By Alistair Hendrie
While Liverpool currently boasts some of the best fighters in the country, the Everton Red Triangle ABC has been a large part of the town’s success story. Kevin Satchell, the British and Commonwealth flyweight champion, has trained at the gym since he was 12. “We started from absolutely nothing and now we have top guys like Jazza Dickens and Tom Stalker training with us,” says Satchell.
“We’ve always worked hard at the gym to get we are today. We’ve never been given anything on a plate – far from it. By doing charity events for gloves and other equipment, we were able to give a lot back to the club and now we’re reaping the rewards.”
Satchell defends his belts against Luke Wilton, the Northern Irishman, on February 23 at Liverpool’s Echo Arena, and the likeable scouser will be eager to continue a thrilling vein of form that has seen him race to an undefeated record after nine fights.
A tall flyweight at 5 foot 6, Satchell’s bustling energy and pressure brought him a British title win over Chris Edwards in October, while he also defeated former British champions Paul Edwards and Martin Power in a breakout 2012. He attributes his progress to his long-term coach and mentor, Paul Stevenson.
Satchell bristles with warmth and says: “I’ve been with him since I was 12 and ever since I started out with him, even to this day, he’s never stopped teaching me new things. He knows me inside out. He knows when I’m having a good day and when I’m having a bad day.”
Stevenson himself has been an integral part of Everton Red Triangle’s remarkable rise and according to Satchell, his knowledge spreads through every aspect of the club. “Even with our amateurs, he’s such a focused trainer. A lot of the time coaches don’t actually continue teaching you how to box when you turn but professional, but Paul still does. He’ll show us videos, different shots, different ways to set up attacks. He’ll always teach us something new no matter what.”
A string of three fights on David Price undercards has given Satchell valuable exposure, though that can sometimes breed a sense of complacency amid the hype of big fights. Despite his undefeated record, Satchell admits he is still learning and is remarkably grounded, perhaps due to his humble introduction into the sport well over a decade ago.
“With every fight you take, there’s always a risk you’ll come unstuck,” Satchell confesses. “It’s so important for me to stay undefeated. I know if I lose now, I’ll be back to the drawing board and fighting six or eight rounders. People will sometimes doubt you before you take another big fight, but every time I step up to the plate I seem to get the job done. I’ve waited a long time for this British title and I’m not letting it go now.”
Regardless, Wilton will travel to Liverpool hungry to upset the home favourite after three straight knockouts over journeymen in Northern Ireland. He is unbeaten since June 2009, although Satchell’s recent work on adding more clout to his punches may give the champion a sizeable advantage.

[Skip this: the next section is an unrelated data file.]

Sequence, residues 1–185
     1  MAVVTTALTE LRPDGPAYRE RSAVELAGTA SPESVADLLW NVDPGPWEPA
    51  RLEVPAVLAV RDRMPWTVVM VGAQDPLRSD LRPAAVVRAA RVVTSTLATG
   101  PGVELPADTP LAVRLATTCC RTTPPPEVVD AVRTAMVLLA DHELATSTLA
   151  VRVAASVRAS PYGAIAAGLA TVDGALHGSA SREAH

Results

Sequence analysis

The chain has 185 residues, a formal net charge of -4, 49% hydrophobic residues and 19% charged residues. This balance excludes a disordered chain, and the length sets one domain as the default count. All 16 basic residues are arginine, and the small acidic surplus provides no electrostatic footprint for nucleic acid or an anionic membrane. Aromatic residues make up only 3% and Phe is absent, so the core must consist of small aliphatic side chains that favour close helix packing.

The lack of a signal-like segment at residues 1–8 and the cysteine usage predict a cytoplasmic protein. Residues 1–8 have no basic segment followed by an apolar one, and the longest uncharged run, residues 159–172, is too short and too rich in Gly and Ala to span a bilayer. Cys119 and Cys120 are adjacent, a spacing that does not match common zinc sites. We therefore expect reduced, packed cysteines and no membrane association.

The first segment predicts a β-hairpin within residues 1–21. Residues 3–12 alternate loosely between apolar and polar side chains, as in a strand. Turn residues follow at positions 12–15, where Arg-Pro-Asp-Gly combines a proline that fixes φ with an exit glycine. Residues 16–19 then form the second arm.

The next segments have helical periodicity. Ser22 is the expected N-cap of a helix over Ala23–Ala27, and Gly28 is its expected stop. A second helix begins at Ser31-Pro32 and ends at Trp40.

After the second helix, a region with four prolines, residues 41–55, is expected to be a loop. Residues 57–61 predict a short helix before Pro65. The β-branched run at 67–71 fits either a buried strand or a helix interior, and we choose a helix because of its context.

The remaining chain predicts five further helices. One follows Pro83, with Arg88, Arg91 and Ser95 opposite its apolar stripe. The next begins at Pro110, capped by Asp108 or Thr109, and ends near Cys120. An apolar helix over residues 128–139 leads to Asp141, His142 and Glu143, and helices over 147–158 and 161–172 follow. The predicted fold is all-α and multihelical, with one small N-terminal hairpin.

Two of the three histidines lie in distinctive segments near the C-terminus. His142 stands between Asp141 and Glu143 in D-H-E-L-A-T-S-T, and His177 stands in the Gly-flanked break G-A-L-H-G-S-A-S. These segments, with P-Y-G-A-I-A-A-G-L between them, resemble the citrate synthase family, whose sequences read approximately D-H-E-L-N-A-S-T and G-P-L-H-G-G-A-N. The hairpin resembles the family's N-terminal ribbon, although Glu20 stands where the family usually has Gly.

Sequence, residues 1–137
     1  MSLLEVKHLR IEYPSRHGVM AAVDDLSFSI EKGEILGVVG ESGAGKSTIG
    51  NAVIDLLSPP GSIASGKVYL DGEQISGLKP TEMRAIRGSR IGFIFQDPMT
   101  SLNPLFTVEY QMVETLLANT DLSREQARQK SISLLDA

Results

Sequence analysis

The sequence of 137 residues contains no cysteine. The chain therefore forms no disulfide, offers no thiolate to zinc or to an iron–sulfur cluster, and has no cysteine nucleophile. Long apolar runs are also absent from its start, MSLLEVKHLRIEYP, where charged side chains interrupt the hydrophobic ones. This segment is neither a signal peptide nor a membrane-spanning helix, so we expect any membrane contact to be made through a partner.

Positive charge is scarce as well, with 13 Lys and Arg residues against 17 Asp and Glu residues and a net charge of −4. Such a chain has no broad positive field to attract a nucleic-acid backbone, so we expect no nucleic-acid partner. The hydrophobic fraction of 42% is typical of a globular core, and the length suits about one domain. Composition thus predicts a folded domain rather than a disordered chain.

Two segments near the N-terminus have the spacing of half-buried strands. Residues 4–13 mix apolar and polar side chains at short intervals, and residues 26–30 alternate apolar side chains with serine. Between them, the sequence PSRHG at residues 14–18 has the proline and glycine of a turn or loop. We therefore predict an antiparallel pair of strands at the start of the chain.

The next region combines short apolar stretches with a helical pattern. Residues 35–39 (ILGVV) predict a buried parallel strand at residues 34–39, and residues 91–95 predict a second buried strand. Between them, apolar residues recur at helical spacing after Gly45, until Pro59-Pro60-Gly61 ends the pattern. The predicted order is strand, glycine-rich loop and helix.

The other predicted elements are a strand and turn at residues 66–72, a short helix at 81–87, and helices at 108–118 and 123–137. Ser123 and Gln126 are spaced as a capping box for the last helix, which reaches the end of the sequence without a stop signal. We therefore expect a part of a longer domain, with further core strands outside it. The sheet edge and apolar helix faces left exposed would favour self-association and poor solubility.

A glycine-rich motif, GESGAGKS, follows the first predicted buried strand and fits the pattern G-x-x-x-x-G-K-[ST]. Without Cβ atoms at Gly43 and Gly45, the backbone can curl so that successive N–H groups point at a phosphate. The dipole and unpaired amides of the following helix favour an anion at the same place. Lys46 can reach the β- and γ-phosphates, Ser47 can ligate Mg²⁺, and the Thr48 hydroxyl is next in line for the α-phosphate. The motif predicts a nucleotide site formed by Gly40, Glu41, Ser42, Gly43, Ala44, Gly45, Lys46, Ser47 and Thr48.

“When I beat Delroy Spencer in July 2011,” Satchell remembers, “I worked on changing my technique and stance. That was the first time I really learned how to relax in the ring; if I do that the power comes and I can sit down on my shots more.”
“Spencer’s a tough guy, he took some great shots and he knows how to survive. But I still took so much from that and gained a lot of confidence before my fight with Power. Even though I didn’t knock Power out, I beat him up badly and have since got my first two knockout victories over Paul and Chris Edwards.”
Granted, during his fight with Power last January, Satchell came of age against the veteran and displayed formidable accuracy and power. In the second round, as Power swung a winging left, Satchell leant back and caught his rival on the chin with a tremendous right cross. Power crumpled to the canvas immediately and although Satchell couldn’t grasp a stoppage, Power never truly recovered. Does Satchell think he can knock out Wilton?
“Yes. Definitely,” he affirms. “I’m not saying he’s chinny or anything but with my height and power at the weight, I don’t think he’ll be able to take my shots. He always starts off fast but so do I. I know he’s hungry for my belts but considering the mood I’m in now, I’ll be bringing the fight just as much as him.”
As Liverpool continues to prosper with stalwarts such as Price and Tony Bellew on the cusp of world titles, you can forgive Satchell for glancing into the future with a carefully laid plan. “There’s only five or six British guys ranked at featherweight so I don’t have much left to do before I can move further,” says Satchell. “Depending on how things go, I’d like to fight for the European title by the end of the year.”
“It’s been a dream of mine to box at places like the Echo Arena so I’ve already achieved so much even though I’m only 24. These big bills at the Echo Arena and the Olympia have really helped Liverpool’s boxing scene. A lot of our lads are now challenging at British and World level and when I see that, I want it for myself. It’s something that drives me to work harder.”
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